How does the ecological footprint work?  Understanding the spreadsheet calculations

Consumption of food, housing, transportation, goods, services, and the generation of waste all require energy and land.  These are represented in columns G-L in the spreadsheet.  For example, vegetables (row 21) require arable land on which to grow (column H).  However, they also require fossil fuels for fertilizer, tractors, and trucks to ship produce to markets.  Because the ecological footprint area is measured in hectares, we need a method for converting fossil energy used into land area.  Wackernagel and Rees (1996) assume that to live sustainably, all CO2 emitted from the combustion of fossil fuels must be fully absorbed by vegetation (e.g. forests).  The greater the amount of fossil fuels used, the greater the land area required to support the trees needed to absorb the CO2.  Without this CO-absorbing capacity, atmospheric CO2 will rise and possibly lead to climate warming. By definition, this is not sustainability.

The amount of land needed to support fossil fuel used (column G) can therefore be calculated using the following formula (for this and subsequent equations, each term is defined in words on the first row, and the units of each term are shown in the second row):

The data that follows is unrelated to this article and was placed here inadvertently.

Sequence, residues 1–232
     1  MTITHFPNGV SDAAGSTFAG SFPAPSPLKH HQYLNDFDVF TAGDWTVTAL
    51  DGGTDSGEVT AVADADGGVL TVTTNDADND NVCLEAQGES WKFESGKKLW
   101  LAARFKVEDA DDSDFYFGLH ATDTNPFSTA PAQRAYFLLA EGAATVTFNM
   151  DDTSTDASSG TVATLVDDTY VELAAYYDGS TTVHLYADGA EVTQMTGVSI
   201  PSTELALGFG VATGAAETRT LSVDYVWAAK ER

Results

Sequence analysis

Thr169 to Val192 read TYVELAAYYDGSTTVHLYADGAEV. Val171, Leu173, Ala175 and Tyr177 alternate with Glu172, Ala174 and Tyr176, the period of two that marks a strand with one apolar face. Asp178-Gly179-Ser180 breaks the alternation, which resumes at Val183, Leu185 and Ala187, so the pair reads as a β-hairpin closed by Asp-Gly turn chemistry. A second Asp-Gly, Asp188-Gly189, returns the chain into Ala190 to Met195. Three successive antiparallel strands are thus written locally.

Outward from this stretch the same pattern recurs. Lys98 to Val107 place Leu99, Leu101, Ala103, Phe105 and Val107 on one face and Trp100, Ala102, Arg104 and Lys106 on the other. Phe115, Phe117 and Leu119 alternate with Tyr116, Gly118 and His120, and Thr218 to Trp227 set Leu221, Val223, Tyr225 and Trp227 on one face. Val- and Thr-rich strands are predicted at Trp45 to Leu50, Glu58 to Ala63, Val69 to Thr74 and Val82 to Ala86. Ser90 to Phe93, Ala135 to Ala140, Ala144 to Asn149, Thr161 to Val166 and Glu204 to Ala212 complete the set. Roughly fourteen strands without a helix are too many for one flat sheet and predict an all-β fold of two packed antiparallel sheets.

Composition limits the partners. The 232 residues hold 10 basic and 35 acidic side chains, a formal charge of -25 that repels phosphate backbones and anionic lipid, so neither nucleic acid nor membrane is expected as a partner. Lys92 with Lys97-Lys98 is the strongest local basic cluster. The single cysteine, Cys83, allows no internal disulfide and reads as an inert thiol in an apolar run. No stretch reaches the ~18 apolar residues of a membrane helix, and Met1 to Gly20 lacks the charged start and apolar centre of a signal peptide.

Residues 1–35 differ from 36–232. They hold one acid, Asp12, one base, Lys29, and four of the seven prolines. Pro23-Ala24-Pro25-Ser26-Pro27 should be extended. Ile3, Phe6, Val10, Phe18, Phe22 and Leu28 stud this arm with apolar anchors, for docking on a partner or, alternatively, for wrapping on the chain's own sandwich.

Land area
=
Carbon sequestration ratio
*
Energy intensity ratio
*
Consumption quantity in metric or US standard
*
Metric conversion factor, if needed
*
Waste factor, if needed
m2
=
m2
*
Gj
*
Kg
*
 
*
 
Gj
Kg

where m2 = a square meter of land; Gj = gigajoules or 1015joules, which is a unit of energy; and Kg = kilograms of material consumed.  The carbon sequestration ratio is the amount of land area covered with forests needed to sequester the amount of CO2 released from the production of one Gj of energy.  Wackernagel and Rees (1996) estimate this quantity to be 0.141.  The energy intensity ratio represents the amount of energy required to produce and transport a kilogram of material, and this quantity changes for each material.  This ratio is sometimes called the "embodied energy" of a product, reflecting all of the energy that went into making it.  Notice how the units cancel by multiplying through the right hand side of the equation.         

This approach can be extended to all of the other materials in the spreadsheet in terms of converting quantities of material consumed (items listed in the rows) into land area needed to support sustainable fossil fuel consumption, or "fossil energy land" (column G), arable land (column H), pasture (column I), forest (column J), built-up land (column K), and ocean (column L).  The spreadsheet then adds up all of these land areas for all of the materials you consume and reports a total ecological footprint (cell G 148).

Please examine the links for each of the six consumption categories to see, specifically, how land area is calculated.